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With judge's ruling, cleanup of old Kerr-McGee site can begin

gavel_rgbCOLUMBUS — A judge has cleared the way for the Environmental Protection Agency to get started on the cleanup of the old Kerr-McGee Chemical Plant in Columbus.

The EPA is putting $68 million into cleaning up the 90-acre site that was shut down in 2003, as well as other places where creosote is located.

In December, a U.S. Bankruptcy Court in New York found Kerr-McGee liable for environmental contamination worth anywhere from $5.2 billion to $14.2 billion. The Justice Department of Justice and EPA, which filed the suit, settled for $5.15 billion from Anadarko Petroleum, which bought Kerr-McGee’s major assets in 2006.

The settlement was upheld Monday.

EPA has handed off the cleanup to Multistate Environmental Response Trust. Multistate was created in 2011 when the EPA designated the Columbus location as a Superfund site.

“If there are no appeals, then the decision becomes final and the funds will be distributed to hazardous waste sites throughout the country that were part of the Kerr-McGee legacy companies and we will have the funding that we need to begin the site investigations that will be critical to characterizing the nature and contamination from that site,” Multistate President Cynthia Brooks said in a statement.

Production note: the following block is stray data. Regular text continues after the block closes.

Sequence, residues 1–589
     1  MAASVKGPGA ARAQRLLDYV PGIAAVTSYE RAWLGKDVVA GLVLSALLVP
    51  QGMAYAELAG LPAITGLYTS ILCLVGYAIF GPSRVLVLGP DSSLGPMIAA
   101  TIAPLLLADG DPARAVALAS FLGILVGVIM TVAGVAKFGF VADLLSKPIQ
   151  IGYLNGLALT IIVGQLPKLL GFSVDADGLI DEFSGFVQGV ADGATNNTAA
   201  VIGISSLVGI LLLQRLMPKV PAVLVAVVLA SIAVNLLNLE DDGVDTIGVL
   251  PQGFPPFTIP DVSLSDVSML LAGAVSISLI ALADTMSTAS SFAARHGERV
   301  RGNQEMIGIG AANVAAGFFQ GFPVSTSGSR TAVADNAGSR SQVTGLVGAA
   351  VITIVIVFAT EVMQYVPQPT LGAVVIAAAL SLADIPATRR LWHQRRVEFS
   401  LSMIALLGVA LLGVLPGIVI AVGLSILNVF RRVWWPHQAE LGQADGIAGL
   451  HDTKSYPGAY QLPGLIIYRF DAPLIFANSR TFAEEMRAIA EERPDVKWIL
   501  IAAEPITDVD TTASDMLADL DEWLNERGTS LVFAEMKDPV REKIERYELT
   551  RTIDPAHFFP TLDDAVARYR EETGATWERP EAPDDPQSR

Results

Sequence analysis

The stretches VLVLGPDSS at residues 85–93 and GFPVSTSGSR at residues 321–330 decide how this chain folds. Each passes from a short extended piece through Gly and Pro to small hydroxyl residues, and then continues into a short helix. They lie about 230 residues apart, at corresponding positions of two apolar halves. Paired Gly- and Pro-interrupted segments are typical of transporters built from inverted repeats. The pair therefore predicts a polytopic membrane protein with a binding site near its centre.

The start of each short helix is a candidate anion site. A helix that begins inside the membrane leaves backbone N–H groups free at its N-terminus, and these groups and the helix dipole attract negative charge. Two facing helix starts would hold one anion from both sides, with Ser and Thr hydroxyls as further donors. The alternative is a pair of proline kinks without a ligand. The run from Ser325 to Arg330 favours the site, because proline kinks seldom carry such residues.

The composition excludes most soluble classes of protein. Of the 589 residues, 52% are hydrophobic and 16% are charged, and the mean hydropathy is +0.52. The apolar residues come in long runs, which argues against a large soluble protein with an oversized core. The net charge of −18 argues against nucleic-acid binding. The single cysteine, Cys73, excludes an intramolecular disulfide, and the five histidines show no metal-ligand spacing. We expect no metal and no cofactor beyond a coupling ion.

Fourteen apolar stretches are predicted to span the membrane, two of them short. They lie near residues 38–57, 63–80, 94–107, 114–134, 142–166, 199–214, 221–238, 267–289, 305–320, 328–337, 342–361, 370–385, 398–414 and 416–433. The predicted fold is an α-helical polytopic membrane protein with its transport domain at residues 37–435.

“We’re very much looking forward to getting that started as soon as the funds come in. I think everybody’s eager to get this done efficiently and cost-effectively,” she said.

Opponents had argued the cleanup was underfunded. They said for the damage Kerr-McGee did across the nation, the federal government let the company off easy.

While operational in Columbus, Kerr-McGee manufactured pressure-treated railroad products such as wooden cross ties, switch ties, and timbers. The production processes at the site utilized creosote and creosote coal tar solutions to produce pressure-treated wood products. The facility also used pentachlorophenol for wood-treating from the 1950s until the mid-1970s.

Brooks has said the details of the cleanup plan take 18-24 months to develop through an investigation of the extent and range of the contamination and another six months of EPA review before the process can take place.

Regular exposure to creosote, a wood preservative used extensively at the plant while it was in operation, was determined to be carcinogenic to humans by the International Agency for Research on Cancer.


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